- Absence of conclusive titling and records: Deficient land records and lack of conclusive land title result in costly litigation and adversely affects investment and economic growth.
- Agricultural Land
- States may consider the Model Land Leasing Act, 2016. Further details on land leasing are given in the chapter on Agriculture.
- Consolidate smaller plots of land through pooling to enhance productivity. The consolidation of fragmented landholdings is essential to exploit scale economies and increase farm incomes. Pooling the land of willing farmers and organizing them into land shares or joint stock companies will allow farmers to earn dividends based on their equity shares. Farmers will also earn wages/salaries as an employee based on agricultural output.
- Increase efficiency around the management of forest land
- Implement effectively the Forest Rights Act (FRA) in all states to strengthen the property rights of forest dwellers, tribal populations and local communities.
- Zone land on a priority basis to clearly demarcate forest and revenue lands.
- Bring more area under agro forestry using wasteland, non-cultivable fallow lands, etc.
- Revisit the policy on tree-felling. Encourage trees as a resource for farmers especially by easing restriction on certain species of trees. Current restrictions on inter-state and inter-district movement of wood should also be removed.
- Updating and modernization of land record systems
- Beyond creating and maintaining land records, efforts must be made to update and digitize these records in a user-friendly manner.
The National Land Records Modernization Programme (NLRMP), now Digital India Land Records Modernization Programme, aims to develop a well-functioning and transparent electronic land records management system that will provide easy access to all available and relevant information to give a fair comprehensive position of any plot of land to the landowner, concerned officers/agencies and interested persons/entrepreneurs.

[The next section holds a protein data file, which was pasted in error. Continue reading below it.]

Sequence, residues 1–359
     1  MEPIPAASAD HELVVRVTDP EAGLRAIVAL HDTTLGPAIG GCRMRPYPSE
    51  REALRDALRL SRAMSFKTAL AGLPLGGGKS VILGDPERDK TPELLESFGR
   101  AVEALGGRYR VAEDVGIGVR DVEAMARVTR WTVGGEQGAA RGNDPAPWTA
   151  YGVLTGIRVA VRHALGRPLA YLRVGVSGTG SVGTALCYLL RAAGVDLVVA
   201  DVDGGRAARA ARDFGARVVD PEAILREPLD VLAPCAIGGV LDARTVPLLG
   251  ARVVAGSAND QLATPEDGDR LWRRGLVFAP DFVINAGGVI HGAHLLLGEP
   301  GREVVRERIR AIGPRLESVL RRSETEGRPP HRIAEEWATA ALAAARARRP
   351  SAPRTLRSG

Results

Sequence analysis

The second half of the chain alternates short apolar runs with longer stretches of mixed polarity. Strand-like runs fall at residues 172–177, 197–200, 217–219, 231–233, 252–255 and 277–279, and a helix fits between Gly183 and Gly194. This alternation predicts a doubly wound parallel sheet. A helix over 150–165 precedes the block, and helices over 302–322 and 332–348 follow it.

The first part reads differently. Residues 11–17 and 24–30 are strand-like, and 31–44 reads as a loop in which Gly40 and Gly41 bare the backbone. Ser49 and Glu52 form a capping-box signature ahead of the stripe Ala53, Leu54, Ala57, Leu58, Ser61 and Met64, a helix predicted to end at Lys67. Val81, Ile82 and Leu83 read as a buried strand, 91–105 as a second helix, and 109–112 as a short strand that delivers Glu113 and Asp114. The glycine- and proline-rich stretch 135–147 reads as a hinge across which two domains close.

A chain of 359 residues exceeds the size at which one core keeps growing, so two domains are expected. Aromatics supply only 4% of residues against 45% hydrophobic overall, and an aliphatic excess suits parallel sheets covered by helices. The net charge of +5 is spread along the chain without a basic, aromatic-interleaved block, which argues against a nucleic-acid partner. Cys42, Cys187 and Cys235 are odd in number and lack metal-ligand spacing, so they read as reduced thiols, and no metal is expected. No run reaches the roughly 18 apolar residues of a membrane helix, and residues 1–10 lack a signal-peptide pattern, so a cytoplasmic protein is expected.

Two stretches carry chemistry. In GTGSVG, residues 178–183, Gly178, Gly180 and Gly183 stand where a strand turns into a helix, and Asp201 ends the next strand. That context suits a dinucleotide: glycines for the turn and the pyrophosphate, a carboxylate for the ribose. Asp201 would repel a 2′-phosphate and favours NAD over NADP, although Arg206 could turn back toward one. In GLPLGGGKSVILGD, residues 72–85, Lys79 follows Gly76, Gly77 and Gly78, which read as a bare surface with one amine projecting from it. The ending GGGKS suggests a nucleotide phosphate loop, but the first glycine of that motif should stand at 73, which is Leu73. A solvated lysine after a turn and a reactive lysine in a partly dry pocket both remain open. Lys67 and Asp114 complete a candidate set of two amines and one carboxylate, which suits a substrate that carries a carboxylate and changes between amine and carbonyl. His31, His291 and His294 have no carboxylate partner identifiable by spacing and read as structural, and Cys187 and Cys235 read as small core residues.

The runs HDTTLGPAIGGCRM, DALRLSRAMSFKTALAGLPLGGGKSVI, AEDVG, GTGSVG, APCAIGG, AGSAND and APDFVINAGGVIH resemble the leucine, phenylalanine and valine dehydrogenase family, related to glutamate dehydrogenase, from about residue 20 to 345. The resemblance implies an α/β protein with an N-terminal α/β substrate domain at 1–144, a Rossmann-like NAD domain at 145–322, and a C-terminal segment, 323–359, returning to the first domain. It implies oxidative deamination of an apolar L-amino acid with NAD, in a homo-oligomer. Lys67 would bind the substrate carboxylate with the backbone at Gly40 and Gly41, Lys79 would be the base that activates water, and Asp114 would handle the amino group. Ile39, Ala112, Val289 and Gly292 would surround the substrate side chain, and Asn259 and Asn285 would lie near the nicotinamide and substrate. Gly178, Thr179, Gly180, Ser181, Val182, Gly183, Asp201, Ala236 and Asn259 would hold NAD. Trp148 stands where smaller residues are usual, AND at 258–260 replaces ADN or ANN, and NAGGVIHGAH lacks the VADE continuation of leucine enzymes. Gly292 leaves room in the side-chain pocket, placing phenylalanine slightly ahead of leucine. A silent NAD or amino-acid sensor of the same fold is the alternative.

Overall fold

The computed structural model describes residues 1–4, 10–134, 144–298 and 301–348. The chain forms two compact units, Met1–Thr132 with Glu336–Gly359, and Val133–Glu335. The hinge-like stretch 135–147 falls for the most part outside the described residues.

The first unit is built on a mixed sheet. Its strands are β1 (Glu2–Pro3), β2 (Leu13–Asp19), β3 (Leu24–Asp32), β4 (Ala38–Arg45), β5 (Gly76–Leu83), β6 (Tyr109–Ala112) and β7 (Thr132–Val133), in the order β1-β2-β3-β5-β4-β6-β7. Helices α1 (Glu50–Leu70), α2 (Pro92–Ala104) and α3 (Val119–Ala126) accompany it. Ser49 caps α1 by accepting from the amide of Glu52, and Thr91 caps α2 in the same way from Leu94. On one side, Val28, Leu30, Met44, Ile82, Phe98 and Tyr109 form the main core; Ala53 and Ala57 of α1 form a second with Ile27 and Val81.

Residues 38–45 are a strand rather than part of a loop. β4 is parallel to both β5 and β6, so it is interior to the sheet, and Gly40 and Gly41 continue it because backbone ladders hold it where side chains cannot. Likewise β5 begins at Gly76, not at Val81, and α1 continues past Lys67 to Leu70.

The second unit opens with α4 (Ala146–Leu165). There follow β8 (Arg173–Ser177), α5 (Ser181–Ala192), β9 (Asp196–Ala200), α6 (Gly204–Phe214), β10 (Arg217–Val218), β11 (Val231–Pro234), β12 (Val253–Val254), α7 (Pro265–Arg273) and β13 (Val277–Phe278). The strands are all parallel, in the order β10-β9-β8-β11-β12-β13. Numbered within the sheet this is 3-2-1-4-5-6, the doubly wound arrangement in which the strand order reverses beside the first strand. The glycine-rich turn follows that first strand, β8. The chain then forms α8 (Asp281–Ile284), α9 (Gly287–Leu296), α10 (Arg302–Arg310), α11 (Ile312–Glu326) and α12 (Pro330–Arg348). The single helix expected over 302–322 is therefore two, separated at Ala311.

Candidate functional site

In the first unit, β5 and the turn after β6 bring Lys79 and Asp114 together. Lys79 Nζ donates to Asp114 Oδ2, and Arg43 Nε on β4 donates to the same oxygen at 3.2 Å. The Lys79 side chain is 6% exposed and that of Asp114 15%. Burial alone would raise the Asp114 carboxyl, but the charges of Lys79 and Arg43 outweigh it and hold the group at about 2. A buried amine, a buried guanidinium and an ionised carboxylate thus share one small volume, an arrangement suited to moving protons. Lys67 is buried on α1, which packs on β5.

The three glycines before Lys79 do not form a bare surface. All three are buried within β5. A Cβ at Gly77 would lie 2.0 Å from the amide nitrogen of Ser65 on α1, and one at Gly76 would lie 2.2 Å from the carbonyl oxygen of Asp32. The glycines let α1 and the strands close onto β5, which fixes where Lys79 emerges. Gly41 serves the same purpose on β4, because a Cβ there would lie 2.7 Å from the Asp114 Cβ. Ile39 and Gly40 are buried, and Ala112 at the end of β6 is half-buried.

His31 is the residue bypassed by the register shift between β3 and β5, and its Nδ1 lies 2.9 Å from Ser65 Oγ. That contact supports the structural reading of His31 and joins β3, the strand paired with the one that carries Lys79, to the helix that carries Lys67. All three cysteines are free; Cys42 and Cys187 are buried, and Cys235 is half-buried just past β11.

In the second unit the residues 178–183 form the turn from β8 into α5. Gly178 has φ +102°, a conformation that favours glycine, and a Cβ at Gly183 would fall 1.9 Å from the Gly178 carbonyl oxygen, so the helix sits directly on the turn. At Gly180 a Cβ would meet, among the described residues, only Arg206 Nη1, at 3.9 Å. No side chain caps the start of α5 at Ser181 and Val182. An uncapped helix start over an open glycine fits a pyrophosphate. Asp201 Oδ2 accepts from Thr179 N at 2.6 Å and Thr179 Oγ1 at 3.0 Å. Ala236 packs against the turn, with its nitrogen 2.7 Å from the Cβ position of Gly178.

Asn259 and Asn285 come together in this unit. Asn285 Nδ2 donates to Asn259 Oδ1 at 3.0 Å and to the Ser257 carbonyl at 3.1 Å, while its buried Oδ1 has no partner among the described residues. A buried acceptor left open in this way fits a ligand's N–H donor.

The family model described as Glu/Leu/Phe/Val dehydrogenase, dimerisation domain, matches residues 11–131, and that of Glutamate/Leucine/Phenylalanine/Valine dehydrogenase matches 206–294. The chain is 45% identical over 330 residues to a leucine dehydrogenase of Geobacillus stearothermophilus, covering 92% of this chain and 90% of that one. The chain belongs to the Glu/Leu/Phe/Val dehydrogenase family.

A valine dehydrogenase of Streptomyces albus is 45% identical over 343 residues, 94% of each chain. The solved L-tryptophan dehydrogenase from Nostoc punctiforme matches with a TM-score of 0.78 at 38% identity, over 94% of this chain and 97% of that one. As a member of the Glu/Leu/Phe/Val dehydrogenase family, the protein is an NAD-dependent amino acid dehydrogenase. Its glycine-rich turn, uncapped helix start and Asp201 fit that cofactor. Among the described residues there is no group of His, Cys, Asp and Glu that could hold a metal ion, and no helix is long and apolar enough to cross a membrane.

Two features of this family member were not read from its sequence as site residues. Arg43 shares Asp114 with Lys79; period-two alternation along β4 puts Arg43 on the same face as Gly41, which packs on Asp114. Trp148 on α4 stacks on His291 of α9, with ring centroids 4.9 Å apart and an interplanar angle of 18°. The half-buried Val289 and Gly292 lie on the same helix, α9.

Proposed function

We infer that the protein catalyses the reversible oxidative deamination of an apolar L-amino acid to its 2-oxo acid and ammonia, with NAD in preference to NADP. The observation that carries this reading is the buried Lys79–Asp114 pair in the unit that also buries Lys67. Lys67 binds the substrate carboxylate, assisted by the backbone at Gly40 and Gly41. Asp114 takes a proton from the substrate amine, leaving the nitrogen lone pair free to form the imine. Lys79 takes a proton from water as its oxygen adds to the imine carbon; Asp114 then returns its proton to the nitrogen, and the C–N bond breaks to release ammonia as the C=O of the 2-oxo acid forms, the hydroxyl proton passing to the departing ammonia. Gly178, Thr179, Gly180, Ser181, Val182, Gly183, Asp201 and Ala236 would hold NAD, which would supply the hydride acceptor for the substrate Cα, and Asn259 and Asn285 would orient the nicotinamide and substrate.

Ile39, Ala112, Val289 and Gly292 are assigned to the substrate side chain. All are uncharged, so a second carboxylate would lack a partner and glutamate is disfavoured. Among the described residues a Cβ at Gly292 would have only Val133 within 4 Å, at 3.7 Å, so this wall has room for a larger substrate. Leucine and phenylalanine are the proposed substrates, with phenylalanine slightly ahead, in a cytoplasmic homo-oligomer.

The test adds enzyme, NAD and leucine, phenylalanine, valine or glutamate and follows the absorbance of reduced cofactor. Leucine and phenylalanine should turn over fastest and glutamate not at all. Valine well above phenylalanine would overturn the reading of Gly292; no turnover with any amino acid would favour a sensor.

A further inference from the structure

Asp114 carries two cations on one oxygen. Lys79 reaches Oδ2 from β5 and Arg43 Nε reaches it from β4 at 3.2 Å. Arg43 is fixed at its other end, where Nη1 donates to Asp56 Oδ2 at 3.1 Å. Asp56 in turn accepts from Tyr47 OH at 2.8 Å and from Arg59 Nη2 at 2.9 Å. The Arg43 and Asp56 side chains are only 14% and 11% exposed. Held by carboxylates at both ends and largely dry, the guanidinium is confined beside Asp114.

This will improve real-time information on land, optimise use of land resources, benefit landowners and prospectors, assist in policy and planning, reduce land disputes and check fraudulent/ benami transactions.
- While most states have started digitizing their records, all states must have digitized textual as well as spatial records so that they are easily available and verifiable. In this area, commendable efforts have been made by the states of Karnataka and Gujarat. It will also be desirable to link the land record database with banks.
- Other states should review their progress in terms of digitization and move toward complete and accessible up-to-date records. In due course, states may move towards conclusive land titling.
- Initiating Public Private Partnerships (PPPs) for wasteland development
- Cultural wastelands, estimated at about 12 million ha, need to be improved and productively utilized as a potential resource.
- This can be done either by gram panchayats with financial support from states/union government or through PPPs, with clearly laid down procedures and norms.
- Strengthen property rights, plan urbanization and prevent land degradation.
- Define and identify common land, along with details of ownership, control and use rights.
- Recognize the customary land tenure system including community ownership in tribal areas.
- Remove encroachments on public land to ensure that land is used efficiently.
- Free estimated ceiling surplus land of over 1 lakh acres that has been under litigation for several years through speedy disposal of cases.
- Define and demarcate revenue and forestland, including land used for shifting cultivation.
- Plan urbanization as per master plans with greater emphasis on vertical growth.
- Prevent land degradation and soil erosion through policies that promote fertilization and organic farming.
- Using land as resource to finance urban development
- Tools such as land value capture, incentive zoning, town planning schemes, and land-based taxes like land value tax, vacant land tax, land value increment tax, etc., can be used to finance rapid and efficient urbanization.